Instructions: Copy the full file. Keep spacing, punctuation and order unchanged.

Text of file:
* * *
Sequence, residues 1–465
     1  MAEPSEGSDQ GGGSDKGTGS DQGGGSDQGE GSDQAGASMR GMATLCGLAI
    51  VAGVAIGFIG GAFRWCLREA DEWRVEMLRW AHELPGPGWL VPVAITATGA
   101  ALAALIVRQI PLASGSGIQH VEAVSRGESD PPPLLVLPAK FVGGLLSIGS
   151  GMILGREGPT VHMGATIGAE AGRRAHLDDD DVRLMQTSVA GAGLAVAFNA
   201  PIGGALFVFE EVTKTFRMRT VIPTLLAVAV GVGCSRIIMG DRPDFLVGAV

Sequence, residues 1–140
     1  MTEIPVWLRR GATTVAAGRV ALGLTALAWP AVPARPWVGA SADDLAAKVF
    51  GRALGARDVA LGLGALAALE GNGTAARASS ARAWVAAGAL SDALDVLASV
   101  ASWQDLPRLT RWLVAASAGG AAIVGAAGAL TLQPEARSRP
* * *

Sequence, residues 1–465
     1  MAEPSEGSDQ GGGSDKGTGS DQGGGSDQGE GSDQAGASMR GMATLCGLAI
    51  VAGVAIGFIG GAFRWCLREA DEWRVEMLRW AHELPGPGWL VPVAITATGA
   101  ALAALIVRQI PLASGSGIQH VEAVSRGESD PPPLLVLPAK FVGGLLSIGS
   151  GMILGREGPT VHMGATIGAE AGRRAHLDDD DVRLMQTSVA GAGLAVAFNA
   201  PIGGALFVFE EVTKTFRMRT VIPTLLAVAV GVGCSRIIMG DRPDFLVGAV

Sequence, residues 1–140
     1  MTEIPVWLRR GATTVAAGRV ALGLTALAWP AVPARPWVGA SADDLAAKVF
    51  GRALGARDVA LGLGALAALE GNGTAARASS ARAWVAAGAL SDALDVLASV
   101  ASWQDLPRLT RWLVAASAGG AAIVGAAGAL TLQPEARSRP